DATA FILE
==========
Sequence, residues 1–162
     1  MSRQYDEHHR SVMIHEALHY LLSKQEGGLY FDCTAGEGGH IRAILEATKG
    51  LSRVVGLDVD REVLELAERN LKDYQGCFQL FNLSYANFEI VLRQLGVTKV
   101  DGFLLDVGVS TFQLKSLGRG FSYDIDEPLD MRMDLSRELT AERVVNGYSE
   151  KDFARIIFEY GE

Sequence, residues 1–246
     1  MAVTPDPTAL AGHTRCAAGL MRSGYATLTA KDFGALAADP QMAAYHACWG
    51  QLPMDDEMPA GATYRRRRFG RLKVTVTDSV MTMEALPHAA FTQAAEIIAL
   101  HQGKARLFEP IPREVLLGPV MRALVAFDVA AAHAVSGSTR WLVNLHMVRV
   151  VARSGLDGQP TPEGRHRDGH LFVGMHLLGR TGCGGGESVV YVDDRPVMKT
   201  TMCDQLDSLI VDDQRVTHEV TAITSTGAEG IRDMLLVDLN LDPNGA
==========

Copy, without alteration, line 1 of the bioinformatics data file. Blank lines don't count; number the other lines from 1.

Sequence, residues 1–162